The year was 1927 and the future had hardly ever looked brighter for the City of Camden. Times were prosperous, business and industry were booming, and the city was full of recently constructed public buildings, civic improvements, schools, the new Delaware River bridge and its new highway to the suburbs. The stock market crash of 1929 and the Depression that followed were in the unimagined future.
It was in these times that Camden prepare for its 100th anniversary, and in this spirit of optimism that the city fathers under the direction of Mayor Winfield S. Price commissioned the booklet whose text you will find below.
South Jersey is noted for its Smoothly Paved Highways and Paving Firm has Supplied Fine Example of Cooperation
Automobiles brought about the modern highways of today and no section of the country has responded to the demand for good roads more completely than has South Jersey.
The long level stretches of smooth surface roads have made Southern New Jersey a Mecca for autoists. Camden is the neck of a traffic bottle through which pass more automobiles than will be found most anywhere.
Daily passage of thousands of motors over the same stretches of highway necessitate substantial construction. It is this feature which has much to do with the fame merited by South Jersey among motorists.
Communities pay for new roads but these do not always stand up under the weight of traffic.
Perhaps no road builder has had more to do with the manner in which Camden and other South Jersey roads have withstood the test of traffic, than has the Union Paving Company of Philadelphia.
There is much glory to be distributed for the excellence of our highways and a considerable share must go to this firm which now has an annual road building program of from $5,000,000 to $10,000,000.
“We consider specifications as something on which to build, not as something under which to skimp.”
An official of Union Paving in this manner explains the secret of success for his firm. Union Paving laid the asphalt and block paving on the Delaware Bridge. More than nine million autos pass over this stretch annually and this includes the largest of heavily loaded trucks and big double-deck buses. This roadway, now in use about two years, shows not the slightest effect of the tremendous amount of traffic its surface has smoothly shed.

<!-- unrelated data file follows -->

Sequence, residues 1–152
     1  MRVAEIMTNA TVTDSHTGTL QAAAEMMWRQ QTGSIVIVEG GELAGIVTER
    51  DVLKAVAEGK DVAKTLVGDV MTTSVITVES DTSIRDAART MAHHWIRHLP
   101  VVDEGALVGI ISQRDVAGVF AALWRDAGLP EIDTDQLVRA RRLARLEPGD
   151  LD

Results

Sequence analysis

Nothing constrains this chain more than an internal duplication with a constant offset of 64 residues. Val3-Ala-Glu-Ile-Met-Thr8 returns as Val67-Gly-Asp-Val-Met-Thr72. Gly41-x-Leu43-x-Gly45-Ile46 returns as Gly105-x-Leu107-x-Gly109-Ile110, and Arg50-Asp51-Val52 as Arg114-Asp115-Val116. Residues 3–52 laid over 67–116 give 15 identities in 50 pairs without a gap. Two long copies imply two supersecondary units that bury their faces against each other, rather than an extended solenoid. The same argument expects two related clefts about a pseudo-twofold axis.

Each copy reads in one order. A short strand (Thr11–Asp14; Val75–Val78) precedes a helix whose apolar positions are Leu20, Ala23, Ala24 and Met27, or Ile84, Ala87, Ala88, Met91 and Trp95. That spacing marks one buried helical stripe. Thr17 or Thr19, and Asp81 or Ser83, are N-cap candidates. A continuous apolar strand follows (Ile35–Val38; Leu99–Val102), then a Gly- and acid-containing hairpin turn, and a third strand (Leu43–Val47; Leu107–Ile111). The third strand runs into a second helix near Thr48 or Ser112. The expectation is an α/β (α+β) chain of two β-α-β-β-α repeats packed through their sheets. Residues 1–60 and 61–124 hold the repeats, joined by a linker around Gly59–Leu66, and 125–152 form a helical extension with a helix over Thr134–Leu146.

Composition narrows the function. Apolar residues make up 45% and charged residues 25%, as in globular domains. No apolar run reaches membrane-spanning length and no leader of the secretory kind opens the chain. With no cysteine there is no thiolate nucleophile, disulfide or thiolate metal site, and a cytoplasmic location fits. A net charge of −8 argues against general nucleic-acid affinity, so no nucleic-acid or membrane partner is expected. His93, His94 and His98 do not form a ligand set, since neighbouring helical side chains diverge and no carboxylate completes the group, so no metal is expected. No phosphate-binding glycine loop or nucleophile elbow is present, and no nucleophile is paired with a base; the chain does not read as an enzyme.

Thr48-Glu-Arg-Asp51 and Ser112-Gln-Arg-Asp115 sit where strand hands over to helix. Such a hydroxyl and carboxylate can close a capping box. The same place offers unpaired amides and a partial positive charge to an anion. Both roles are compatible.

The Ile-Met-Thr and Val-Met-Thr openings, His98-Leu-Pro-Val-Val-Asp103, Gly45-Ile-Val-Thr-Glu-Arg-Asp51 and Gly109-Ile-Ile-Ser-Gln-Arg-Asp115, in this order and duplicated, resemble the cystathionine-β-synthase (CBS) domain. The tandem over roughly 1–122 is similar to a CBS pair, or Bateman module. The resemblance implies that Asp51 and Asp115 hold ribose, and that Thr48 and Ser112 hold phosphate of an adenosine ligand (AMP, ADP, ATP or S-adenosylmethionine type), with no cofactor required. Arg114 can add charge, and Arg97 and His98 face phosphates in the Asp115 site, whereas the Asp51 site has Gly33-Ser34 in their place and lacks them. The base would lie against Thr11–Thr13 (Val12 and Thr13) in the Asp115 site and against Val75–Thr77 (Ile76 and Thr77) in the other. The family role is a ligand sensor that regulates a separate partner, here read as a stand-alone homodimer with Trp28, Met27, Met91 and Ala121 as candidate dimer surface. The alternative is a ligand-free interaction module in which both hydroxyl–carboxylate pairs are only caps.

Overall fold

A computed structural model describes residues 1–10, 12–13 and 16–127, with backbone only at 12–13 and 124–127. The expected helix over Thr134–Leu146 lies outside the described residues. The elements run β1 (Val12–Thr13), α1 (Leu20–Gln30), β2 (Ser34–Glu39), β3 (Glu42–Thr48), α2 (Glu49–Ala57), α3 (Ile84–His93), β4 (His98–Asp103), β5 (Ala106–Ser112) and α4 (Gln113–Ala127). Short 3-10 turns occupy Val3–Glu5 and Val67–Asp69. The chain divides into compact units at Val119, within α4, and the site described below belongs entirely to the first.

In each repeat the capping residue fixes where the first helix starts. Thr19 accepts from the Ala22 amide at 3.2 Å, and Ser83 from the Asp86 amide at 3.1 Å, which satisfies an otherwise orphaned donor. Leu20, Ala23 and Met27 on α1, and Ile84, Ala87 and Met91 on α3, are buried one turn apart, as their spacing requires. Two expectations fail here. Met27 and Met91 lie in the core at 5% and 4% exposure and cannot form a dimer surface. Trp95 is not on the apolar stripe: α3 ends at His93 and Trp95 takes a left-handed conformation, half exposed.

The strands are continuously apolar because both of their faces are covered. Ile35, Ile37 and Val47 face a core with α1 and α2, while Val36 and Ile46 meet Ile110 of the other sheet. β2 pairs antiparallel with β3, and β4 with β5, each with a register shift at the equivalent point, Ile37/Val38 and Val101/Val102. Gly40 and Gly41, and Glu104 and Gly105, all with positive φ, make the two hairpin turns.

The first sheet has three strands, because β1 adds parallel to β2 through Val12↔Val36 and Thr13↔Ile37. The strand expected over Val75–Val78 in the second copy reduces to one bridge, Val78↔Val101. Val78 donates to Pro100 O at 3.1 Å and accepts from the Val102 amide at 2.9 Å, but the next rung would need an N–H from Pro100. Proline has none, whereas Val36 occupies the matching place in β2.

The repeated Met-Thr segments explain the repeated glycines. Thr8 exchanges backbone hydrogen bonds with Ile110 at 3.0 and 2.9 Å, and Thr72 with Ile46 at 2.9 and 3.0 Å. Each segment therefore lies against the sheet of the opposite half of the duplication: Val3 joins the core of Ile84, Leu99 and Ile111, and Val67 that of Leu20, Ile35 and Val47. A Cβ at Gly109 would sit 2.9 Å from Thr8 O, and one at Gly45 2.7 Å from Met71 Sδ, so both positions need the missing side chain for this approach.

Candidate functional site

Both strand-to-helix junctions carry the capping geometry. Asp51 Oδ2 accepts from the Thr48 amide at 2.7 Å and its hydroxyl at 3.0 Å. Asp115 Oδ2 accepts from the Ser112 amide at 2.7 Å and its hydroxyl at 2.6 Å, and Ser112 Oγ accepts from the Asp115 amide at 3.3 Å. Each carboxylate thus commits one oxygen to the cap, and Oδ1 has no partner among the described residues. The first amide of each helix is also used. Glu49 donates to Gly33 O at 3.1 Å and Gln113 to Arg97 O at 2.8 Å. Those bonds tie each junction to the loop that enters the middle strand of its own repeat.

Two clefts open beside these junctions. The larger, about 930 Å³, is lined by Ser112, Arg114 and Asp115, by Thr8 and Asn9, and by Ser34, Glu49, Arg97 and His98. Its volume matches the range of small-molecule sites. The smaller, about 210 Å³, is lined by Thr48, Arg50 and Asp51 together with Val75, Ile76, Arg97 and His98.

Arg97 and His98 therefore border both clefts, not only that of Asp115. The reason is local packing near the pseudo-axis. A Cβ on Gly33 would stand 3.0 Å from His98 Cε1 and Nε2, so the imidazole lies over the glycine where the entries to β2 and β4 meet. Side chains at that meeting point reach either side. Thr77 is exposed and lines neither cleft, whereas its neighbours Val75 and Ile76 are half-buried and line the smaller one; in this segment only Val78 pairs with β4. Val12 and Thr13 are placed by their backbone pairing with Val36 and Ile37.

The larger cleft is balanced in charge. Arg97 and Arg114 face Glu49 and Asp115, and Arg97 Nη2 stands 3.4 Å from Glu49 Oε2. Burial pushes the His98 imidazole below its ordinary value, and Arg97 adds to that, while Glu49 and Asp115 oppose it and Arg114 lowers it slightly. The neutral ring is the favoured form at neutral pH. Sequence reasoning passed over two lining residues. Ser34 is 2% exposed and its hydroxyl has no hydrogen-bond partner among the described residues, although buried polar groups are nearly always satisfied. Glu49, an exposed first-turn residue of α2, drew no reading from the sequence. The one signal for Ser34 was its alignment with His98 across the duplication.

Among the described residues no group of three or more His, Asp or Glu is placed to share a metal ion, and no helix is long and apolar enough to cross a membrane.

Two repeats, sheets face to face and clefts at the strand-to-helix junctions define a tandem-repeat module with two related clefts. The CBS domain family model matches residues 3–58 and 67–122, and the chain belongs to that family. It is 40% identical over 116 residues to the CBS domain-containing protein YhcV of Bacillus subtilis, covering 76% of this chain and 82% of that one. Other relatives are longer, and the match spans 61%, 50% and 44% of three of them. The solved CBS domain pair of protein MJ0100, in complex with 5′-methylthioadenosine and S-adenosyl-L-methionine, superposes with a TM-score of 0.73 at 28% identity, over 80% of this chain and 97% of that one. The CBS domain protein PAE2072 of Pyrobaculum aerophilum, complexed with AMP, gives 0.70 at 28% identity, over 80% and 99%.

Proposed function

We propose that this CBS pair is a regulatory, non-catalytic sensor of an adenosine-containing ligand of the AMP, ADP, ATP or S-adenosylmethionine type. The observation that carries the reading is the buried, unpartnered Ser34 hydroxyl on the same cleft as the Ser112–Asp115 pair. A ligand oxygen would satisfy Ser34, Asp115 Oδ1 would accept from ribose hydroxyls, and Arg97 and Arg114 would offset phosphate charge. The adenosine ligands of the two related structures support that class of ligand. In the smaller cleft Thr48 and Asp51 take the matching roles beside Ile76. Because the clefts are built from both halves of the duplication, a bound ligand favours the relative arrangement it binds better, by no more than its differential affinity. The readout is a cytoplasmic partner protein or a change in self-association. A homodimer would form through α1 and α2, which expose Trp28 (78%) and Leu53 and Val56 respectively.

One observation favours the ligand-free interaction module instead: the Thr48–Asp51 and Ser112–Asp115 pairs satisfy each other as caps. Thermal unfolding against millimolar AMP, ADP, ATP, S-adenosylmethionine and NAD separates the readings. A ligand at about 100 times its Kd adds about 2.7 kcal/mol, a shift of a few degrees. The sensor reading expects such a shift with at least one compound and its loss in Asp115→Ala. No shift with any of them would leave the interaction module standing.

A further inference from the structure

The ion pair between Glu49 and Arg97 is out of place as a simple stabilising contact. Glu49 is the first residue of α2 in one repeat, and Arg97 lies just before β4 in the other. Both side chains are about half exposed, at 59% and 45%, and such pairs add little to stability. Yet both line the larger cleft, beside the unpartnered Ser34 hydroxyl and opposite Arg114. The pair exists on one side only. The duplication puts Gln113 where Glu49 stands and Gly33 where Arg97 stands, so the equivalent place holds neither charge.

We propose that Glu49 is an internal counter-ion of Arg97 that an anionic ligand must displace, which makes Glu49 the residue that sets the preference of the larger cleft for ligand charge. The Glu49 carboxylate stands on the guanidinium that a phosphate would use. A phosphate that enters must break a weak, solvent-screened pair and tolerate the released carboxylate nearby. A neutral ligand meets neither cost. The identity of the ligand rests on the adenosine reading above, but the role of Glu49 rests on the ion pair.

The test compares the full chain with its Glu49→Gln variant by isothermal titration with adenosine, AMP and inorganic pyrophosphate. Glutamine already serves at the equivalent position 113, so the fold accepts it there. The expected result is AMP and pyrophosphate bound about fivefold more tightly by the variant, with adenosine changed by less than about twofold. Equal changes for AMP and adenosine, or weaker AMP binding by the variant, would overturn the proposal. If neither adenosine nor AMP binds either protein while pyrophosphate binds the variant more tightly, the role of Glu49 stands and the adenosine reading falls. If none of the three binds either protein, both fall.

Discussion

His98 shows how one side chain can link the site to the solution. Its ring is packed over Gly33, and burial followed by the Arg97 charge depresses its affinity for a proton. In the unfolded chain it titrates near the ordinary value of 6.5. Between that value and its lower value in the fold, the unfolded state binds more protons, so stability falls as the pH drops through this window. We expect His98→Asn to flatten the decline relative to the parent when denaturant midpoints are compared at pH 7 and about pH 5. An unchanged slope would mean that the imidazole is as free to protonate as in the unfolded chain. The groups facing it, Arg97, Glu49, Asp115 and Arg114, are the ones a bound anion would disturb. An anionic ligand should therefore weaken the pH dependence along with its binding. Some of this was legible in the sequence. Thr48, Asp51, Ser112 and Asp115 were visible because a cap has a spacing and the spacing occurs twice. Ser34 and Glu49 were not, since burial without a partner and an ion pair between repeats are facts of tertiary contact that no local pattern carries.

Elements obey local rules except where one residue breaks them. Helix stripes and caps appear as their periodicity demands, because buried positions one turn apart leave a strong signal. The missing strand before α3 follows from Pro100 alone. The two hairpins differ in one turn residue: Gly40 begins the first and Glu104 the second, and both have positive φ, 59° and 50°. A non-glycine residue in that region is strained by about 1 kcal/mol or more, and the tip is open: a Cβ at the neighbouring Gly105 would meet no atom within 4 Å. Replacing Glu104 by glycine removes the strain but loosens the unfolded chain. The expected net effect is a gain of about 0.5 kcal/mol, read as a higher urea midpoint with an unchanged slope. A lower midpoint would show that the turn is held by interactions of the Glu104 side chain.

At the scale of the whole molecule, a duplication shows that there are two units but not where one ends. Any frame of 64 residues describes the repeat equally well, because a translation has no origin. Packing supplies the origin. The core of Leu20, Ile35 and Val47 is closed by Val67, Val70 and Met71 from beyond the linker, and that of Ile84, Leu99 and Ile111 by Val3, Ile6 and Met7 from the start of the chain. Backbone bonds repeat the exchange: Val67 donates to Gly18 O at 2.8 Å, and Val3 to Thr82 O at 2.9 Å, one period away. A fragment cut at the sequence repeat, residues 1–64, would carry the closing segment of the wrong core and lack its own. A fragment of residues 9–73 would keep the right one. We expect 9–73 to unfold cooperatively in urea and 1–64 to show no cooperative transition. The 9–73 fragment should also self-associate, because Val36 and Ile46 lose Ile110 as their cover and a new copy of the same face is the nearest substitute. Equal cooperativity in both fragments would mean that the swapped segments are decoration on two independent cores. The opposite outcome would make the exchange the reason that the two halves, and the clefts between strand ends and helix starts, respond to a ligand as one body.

Another new roadway on which Union did $1,000,000 worth of work is the Crescent Boulevard, a connecting stretch between the Camden Plaza of the Delaware Bridge and the famed White Horse Pike which carries a few million machines to seashore resorts annually. Then there is the magnificent boulevard running out of Atlantic City to Absecon across a great stretch of meadows. Here is an outstanding monument to substantial road construction which is destined to bring additional fame to its builders. It is an example of asphalt surface on concrete foundation and has demonstrated that this type of road way will stand up under heavy traffic in comparison with the all-concrete type.
Almost 90 per cent of the roads in Burlington County have been built by Union. They include the River Road between Camden and Burlington and main highways from Burlington to Mt. Holly and Camden to Mt. Holly, Pemberton and Brown’s Mills. Almost every community in South Jersey bears testimony to the confidence Union Paving firm has established.
Many of Camden’s streets have been built and surfaced by the firm and many more are now under way. Union has an asphalt plant on the Cooper River in Camden and docks at Gloucester on the Delaware. Its two Philadelphia plants turn out more material than any in the United States. The firm does much work in Florida and Pennsylvania in addition to other states.
Officers of Union are: B. F. Richardson, President; J P. Mack, 2d, Vice-President; Joseph Larkin, Jr., Secretary and Treasurer. These executives are keeping abreast of the times and have up-to-date street and road building equipment on hand for the completion of any size contract.